Dogs certified as welders, KY bill aims to ensure it never happens again

Kentucky bill aims to ensure dogs never again certified as welders

FRANKFORT, KY (WAVE) - Supporters of Kentucky House Bill 239 say it’s critical to your safety.

While cute, these dogs certainly can't weld.
While cute, these dogs certainly can't weld. (Jerald Adkins)

It would legally require welders working on some structural projects to be certified properly, because some say the current system is broken.

The bill passed through the House on Friday as part of the Consent Orders of the Day. That means there wasn’t much talk or debate about it because it wasn’t very controversial, but that doesn’t mean it doesn’t have an interesting story to tell.

That story starts with the document that officially certified Robert Dash to be a professional structural welder.

Henry Wolfe’s name is on a similar one too.

On paper, nothing looks out of place, but the problem is that they didn’t know they could now construct the bindings that keep buildings from falling.

That’s because Wolfe and Dash are both dogs.

"This is a picture of Robert Dash," Bill Woodward, Iron Workers of Southern Ohio and Vicinity District President, said. "He is a Beagle."

Woodward said another dog, named Adam Barker, a cat and even a dead person were AWS certified by groups testing the system. That means they could currently work in Kentucky, despite the fact most don’t even have opposable thumbs.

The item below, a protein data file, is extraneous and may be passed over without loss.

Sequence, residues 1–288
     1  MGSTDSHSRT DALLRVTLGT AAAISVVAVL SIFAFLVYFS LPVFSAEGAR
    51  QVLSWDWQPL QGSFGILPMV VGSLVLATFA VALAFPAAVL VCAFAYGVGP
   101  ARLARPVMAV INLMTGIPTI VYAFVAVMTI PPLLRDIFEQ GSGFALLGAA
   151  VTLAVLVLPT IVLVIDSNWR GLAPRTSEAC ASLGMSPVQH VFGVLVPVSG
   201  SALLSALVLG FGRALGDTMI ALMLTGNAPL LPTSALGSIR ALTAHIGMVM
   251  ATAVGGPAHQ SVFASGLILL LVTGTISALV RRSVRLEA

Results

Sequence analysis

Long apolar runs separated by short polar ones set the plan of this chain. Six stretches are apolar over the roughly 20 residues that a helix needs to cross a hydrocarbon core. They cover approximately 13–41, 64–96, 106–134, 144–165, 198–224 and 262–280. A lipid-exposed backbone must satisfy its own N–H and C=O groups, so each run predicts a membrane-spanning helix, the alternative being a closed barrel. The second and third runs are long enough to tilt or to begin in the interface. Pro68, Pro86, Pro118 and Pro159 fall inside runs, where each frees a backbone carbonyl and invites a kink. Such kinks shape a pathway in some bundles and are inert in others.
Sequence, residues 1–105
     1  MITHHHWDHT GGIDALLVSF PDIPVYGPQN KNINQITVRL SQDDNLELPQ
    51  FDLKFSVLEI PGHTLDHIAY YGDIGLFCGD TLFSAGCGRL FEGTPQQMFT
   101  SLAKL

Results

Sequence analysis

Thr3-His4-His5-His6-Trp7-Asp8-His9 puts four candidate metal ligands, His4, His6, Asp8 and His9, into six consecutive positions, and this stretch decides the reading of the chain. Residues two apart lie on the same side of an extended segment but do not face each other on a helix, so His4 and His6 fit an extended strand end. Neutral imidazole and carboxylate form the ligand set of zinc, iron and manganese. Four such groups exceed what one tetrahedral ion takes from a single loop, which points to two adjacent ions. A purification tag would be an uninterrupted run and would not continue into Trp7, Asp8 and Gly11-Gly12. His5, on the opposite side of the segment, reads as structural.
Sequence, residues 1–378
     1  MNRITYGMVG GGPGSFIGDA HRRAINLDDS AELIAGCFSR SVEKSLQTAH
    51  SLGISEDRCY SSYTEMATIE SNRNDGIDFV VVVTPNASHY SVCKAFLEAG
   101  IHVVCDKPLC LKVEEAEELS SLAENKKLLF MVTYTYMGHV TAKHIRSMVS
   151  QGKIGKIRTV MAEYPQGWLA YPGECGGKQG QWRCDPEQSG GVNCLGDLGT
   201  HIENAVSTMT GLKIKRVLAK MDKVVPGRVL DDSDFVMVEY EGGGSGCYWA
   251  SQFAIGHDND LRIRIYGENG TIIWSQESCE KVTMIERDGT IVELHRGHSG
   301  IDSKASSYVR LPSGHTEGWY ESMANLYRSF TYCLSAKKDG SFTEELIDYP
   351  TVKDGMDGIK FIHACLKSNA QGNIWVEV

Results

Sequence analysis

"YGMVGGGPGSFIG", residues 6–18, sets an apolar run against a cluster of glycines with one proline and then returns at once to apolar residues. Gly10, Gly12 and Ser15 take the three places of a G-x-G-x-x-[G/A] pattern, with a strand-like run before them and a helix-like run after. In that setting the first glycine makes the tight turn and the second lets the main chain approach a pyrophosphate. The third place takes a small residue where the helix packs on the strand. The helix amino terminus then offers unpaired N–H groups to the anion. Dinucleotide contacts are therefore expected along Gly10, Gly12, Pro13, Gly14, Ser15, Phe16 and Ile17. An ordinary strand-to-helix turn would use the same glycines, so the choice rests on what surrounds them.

The American Welding Standards certification process requires welders to demonstrate their skills in person, and show a photo ID, but an industry lobbyist said the guidelines aren’t always followed.

“I can take a plate that’s already been welded and I can tell them that my name is Joe Smith,” lobbyist Jerald Adkins said.

So, if a project decides to require AWS Certification and inspectors, one Kentucky legislator wants to make sure professional guidelines are the law, not just a suggestion.

House Bill 239 would do that.

Sponsor Rep. Bobby McCool (R-Van Lear) said the push comes after a school collapsed in McCracken County. He alleges welders on the job weren’t qualified and had fraudulent certifications.

“Fortunately, there was no one around when it did collapse,” McCool said.

He said that was in 2011, but the problem still exists. And regardless of whether he believes ‘you can’t teach an old dog new tricks,’ he said you can never teach one to weld.

The bill still needs to be passed by the Senate.

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